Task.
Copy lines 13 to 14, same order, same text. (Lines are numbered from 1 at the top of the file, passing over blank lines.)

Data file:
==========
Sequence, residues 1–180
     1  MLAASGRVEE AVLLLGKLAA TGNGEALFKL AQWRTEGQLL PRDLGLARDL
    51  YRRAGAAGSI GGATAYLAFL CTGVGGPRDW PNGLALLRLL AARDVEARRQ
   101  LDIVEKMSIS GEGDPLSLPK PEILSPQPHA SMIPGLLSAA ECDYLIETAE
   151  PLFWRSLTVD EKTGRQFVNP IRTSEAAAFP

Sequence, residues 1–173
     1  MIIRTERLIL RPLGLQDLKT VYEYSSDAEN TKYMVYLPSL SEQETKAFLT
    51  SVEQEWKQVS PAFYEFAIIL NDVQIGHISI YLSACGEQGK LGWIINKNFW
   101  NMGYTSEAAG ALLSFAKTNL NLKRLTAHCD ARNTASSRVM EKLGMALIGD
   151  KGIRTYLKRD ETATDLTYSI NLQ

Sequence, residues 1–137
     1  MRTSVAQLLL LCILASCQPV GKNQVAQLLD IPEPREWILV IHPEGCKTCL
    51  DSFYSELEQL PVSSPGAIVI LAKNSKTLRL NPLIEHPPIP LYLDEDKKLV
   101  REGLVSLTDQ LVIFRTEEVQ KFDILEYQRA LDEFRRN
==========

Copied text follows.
    51  DSFYSELEQL PVSSPGAIVI LAKNSKTLRL NPLIEHPPIP LYLDEDKKLV
   101  REGLVSLTDQ LVIFRTEEVQ KFDILEYQRA LDEFRRN